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Why the IT industry can look positively towards the post-pandemic world

Why the IT industry can look positively towards the post-pandemic world

By Marcin Zabawa, Director of Strategic Services, STX Next

It has been more than a year since the world’s digital transformation journey was forced into overdrive due to the pandemic. This period of uncertainty and volatility for the majority of the workforce has been challenging to say the least. However, there is much for IT professionals to be positive about as we approach a post-Covid future.

The remote working environment has forced businesses to utilise a variety of IT software and hardware solutions – many of which were unfamiliar or alien to employees before 2020. Businesses across the globe were forced to rethink their strategies and adopt new tech in multiple areas, including video conferencing platforms, VPNs and cybersecurity tools to support the shift to remote working.

As societies slowly recover and businesses move to hybrid working models, the next few months represent some of the best opportunities for IT growth in years. Below, we discuss just where these opportunities will lie.

Nearshoring to the rescue

One of the more fruitful decisions taken by businesses when the pandemic first hit was to embrace nearshoring. Initially, this was done in order to cut costs during a time of peak uncertainty. Through nearshoring, businesses retain a familiar time zone, similar working culture and of course, robust data protection laws (such as GDPR) – advantages which are not often guaranteed when outsourcing work further afield.

Nearshoring proved to be a successful way to safeguard businesses in the early periods of economic shutdown, enabling them to recover more quickly as restrictions eased. However, the practice is continuing to prove its worth: now that organisations are getting back on their feet, nearshoring is being used to help companies cope with rapidly increasing workloads, while keeping labour costs in check and maintaining close geographical proximity with workers.

Demand for IT personnel

According to industry experts, the pandemic has revealed a shortage of key digital skills within organisations, but also a desire amongst employees to improve in this area[1]. These people recognise that IT is a recession-proof profession, and companies are realising that future success will depend on them hiring the best talent.

More young people are now aware of the progressive and exciting career paths offered by the IT sector. Gone are the days of school pupils undertaking a handful of ICT lessons and then forgetting about the valuable skills they had gained once they enter the world of work. Far more young people are now choosing to learn technical subjects at school and university, embracing disciplines such as coding and programming. This was already a trend pre-pandemic, but has accelerated further in the last year as demand for technical roles has intensified.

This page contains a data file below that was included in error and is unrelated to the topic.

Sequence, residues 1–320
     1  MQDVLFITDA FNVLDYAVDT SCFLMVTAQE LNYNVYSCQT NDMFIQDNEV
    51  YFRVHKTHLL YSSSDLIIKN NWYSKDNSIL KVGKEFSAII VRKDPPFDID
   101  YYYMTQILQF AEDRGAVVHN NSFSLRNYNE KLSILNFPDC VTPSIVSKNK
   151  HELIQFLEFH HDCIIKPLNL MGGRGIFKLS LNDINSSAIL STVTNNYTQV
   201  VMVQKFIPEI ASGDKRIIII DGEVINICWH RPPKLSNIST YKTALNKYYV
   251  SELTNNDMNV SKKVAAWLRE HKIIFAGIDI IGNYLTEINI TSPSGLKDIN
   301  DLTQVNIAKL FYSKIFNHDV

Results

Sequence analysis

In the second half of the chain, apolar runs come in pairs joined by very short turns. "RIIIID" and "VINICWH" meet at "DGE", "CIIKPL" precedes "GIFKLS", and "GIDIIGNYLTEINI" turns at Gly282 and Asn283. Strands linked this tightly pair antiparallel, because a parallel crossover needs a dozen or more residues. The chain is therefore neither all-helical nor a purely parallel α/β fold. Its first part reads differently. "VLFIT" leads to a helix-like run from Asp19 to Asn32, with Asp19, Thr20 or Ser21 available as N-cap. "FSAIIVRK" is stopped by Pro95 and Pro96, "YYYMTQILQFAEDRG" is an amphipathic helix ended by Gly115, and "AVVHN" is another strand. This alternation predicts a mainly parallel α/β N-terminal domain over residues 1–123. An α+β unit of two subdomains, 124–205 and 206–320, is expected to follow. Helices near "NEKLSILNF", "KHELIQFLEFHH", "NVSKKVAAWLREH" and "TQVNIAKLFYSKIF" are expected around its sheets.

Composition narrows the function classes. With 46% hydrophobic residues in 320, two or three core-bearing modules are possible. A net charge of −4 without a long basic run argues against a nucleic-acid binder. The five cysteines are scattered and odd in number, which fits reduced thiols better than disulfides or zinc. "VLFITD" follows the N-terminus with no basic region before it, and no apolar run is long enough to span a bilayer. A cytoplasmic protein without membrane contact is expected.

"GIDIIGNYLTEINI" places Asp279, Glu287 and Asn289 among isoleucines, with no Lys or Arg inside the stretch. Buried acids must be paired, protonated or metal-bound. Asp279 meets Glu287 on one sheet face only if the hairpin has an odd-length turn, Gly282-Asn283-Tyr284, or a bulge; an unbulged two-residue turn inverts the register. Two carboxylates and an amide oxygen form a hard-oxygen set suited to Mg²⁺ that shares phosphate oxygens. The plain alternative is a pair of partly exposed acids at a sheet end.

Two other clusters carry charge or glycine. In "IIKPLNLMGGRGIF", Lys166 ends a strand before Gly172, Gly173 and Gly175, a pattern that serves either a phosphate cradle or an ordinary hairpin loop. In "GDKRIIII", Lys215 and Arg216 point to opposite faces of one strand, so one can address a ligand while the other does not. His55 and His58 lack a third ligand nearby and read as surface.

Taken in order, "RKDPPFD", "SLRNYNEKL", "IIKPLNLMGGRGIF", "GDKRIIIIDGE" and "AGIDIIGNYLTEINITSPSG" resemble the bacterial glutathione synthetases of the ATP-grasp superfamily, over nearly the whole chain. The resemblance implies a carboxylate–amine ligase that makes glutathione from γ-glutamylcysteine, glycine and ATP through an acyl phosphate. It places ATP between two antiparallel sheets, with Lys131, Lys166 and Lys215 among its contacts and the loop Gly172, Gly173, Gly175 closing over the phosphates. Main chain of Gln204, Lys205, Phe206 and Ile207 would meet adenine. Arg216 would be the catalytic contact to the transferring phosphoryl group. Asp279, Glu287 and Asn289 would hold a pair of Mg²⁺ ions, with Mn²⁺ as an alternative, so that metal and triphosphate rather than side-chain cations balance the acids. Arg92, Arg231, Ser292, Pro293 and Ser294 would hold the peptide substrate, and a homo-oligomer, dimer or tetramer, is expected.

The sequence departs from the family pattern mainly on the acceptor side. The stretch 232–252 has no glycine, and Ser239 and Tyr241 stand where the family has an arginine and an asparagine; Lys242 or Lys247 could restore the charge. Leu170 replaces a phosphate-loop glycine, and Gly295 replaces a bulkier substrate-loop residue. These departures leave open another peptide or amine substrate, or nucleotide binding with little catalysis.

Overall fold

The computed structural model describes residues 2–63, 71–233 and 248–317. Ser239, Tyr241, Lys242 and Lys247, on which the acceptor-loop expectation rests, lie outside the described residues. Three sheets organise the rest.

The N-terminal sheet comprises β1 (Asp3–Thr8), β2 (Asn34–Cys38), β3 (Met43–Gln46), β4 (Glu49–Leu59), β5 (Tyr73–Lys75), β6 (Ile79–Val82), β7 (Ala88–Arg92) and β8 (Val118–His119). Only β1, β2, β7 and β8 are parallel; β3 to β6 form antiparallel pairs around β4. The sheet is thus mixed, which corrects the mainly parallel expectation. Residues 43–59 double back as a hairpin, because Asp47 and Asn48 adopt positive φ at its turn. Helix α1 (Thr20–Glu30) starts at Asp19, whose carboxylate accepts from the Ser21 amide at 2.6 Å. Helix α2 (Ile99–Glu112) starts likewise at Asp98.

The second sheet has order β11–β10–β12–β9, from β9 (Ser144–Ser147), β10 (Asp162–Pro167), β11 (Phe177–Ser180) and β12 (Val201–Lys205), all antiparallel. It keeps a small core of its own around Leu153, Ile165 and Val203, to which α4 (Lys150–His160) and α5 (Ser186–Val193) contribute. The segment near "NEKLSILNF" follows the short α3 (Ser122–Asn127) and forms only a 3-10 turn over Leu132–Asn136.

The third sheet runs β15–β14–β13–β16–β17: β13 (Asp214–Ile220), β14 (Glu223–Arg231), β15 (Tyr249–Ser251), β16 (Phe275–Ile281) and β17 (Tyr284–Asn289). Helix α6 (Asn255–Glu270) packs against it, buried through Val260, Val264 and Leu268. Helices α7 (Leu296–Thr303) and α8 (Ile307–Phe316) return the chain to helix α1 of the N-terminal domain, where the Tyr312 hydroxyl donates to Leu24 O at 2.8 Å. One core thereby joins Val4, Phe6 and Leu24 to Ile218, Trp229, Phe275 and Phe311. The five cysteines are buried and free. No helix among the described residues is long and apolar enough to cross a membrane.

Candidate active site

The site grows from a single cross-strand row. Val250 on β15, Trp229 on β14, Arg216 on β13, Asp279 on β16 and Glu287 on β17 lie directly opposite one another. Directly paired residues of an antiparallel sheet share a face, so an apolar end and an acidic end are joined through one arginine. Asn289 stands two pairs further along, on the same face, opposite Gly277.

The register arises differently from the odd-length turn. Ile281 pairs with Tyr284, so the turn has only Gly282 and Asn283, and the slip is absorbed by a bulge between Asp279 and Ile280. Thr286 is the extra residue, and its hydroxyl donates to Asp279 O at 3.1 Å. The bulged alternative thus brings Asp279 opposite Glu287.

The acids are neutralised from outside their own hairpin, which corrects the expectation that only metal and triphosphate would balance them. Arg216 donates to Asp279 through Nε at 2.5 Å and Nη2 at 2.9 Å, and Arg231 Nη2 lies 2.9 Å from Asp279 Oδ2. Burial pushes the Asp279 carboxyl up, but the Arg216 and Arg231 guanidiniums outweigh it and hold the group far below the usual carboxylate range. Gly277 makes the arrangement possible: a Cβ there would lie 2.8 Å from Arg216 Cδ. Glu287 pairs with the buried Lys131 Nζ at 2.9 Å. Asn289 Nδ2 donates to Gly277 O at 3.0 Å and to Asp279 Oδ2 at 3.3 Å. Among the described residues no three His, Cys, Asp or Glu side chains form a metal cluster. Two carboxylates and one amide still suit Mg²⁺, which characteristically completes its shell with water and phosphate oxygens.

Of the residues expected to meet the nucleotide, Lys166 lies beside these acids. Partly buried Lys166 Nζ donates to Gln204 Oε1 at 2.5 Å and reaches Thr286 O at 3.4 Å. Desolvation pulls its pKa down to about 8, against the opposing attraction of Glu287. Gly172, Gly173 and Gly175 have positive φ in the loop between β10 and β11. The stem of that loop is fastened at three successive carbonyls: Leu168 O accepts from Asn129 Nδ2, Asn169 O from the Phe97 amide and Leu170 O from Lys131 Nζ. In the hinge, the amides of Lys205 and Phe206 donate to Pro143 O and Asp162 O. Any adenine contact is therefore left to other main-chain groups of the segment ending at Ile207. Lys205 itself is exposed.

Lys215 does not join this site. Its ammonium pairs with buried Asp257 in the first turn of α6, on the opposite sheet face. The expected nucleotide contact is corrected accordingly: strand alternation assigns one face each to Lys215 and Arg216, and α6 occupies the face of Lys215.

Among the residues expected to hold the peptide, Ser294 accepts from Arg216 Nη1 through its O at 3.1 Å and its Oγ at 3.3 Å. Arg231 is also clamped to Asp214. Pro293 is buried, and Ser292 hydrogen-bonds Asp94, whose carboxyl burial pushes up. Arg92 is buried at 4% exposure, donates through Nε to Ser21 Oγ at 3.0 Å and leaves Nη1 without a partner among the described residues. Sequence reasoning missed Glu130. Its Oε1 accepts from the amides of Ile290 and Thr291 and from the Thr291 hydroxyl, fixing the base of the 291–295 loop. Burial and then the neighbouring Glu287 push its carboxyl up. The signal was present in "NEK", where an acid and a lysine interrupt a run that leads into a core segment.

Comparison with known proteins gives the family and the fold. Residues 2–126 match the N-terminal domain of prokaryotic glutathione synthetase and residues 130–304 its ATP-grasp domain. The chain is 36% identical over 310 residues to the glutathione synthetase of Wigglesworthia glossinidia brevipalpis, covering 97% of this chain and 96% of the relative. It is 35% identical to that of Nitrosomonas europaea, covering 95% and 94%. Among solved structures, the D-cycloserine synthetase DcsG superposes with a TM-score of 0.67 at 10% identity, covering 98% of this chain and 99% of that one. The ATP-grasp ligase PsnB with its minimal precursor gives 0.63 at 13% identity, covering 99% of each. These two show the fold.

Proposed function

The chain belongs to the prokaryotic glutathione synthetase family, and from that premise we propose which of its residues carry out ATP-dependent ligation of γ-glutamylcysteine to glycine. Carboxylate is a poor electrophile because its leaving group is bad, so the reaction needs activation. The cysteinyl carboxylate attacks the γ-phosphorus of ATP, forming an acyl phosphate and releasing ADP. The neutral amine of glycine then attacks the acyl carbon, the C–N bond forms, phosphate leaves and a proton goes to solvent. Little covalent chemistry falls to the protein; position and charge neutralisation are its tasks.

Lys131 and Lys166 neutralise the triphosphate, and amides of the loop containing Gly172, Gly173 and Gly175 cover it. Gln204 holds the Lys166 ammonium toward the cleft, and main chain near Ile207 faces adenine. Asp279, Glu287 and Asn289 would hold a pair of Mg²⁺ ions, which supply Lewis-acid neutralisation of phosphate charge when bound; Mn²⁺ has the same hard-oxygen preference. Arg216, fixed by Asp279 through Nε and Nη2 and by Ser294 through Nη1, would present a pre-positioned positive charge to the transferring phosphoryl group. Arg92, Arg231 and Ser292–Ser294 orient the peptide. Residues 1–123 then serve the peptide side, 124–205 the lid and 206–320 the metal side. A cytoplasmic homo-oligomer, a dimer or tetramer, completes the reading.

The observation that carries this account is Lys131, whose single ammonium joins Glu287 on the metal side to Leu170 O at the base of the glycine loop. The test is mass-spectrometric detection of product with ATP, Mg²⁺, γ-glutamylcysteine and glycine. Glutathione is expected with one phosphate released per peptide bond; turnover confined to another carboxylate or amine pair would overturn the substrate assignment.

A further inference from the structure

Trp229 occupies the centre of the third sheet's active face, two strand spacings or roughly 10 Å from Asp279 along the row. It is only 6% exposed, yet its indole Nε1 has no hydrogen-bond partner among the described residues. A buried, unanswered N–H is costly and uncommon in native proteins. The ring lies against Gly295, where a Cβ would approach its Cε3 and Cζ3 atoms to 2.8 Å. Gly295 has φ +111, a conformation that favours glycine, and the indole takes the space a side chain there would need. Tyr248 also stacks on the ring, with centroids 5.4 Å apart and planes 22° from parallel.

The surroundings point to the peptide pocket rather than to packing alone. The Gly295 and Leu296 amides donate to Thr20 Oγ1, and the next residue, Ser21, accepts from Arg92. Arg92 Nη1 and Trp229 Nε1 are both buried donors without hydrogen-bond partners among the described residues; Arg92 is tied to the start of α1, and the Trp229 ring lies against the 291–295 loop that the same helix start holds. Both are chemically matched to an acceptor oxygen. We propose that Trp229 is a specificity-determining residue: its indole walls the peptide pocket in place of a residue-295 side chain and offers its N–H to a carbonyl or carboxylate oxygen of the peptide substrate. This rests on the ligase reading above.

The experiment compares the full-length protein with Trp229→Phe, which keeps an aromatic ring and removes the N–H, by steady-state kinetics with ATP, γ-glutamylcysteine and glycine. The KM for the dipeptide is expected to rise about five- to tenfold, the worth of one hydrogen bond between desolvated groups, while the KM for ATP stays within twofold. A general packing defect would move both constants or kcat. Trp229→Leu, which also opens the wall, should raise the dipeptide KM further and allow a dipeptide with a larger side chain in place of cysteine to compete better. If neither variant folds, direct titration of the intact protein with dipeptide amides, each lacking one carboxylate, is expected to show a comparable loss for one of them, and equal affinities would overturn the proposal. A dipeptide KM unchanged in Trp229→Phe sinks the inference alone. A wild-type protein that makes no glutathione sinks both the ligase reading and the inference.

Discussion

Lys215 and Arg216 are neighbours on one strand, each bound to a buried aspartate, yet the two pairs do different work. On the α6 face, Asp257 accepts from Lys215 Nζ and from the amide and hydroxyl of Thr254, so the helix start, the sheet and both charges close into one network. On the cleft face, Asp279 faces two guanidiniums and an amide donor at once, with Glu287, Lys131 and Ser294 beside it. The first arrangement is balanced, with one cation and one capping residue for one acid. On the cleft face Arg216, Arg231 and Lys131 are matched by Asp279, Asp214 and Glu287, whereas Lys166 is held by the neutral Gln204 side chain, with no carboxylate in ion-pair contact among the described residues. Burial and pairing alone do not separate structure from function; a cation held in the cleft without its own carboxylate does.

Supplying the support

Although there may be a bright future ahead, IT companies should not get too ahead of themselves and take their foot off the gas, thinking that everything will simply look after itself. Processes such as training and onboarding of new hires and junior staff will be more important than ever, especially with hybrid and remote workforces likely to remain a fixture for the foreseeable future.

New staff need to be nurtured and mentored, even if they have a large amount of natural talent and potential. If this is not provided during the early stages of their career, they will become disillusioned with both the role and the business quite quickly and will likely begin to rethink their career choices, or jump ship to a competitor.

With this in mind, holistic, comprehensive training programmes should be integrated into the schedules of all staff. High employee turnover is not only expensive, but also paints a negative image for a business, which will only make it harder to attract top talent in such a competitive market.

One-to-one training sessions, virtual coffee breaks and dedicated ‘buddy’ partners are just some of the great ways to make a new hire feel at home and ensure their journey with a company gets off to a good start.

Light at the end of the tunnel

The IT sector is one of just a handful of industries that find themselves in a position of relative prosperity as a result of the pandemic. Demand for technology will remain high, giving the sector a reliable platform for future growth. There is also more than enough talent out there to meet this demand and help drive IT businesses to new heights. The next step for these organisations is to ensure they maintain this momentum by doing everything in their power to attract new hires, while further building efficiency and keeping costs at a sustainable level.

[1] https://www.itpro.co.uk/technology/digital-divide/359566/171-million-britons-lack-essential-digital-skills-for-work

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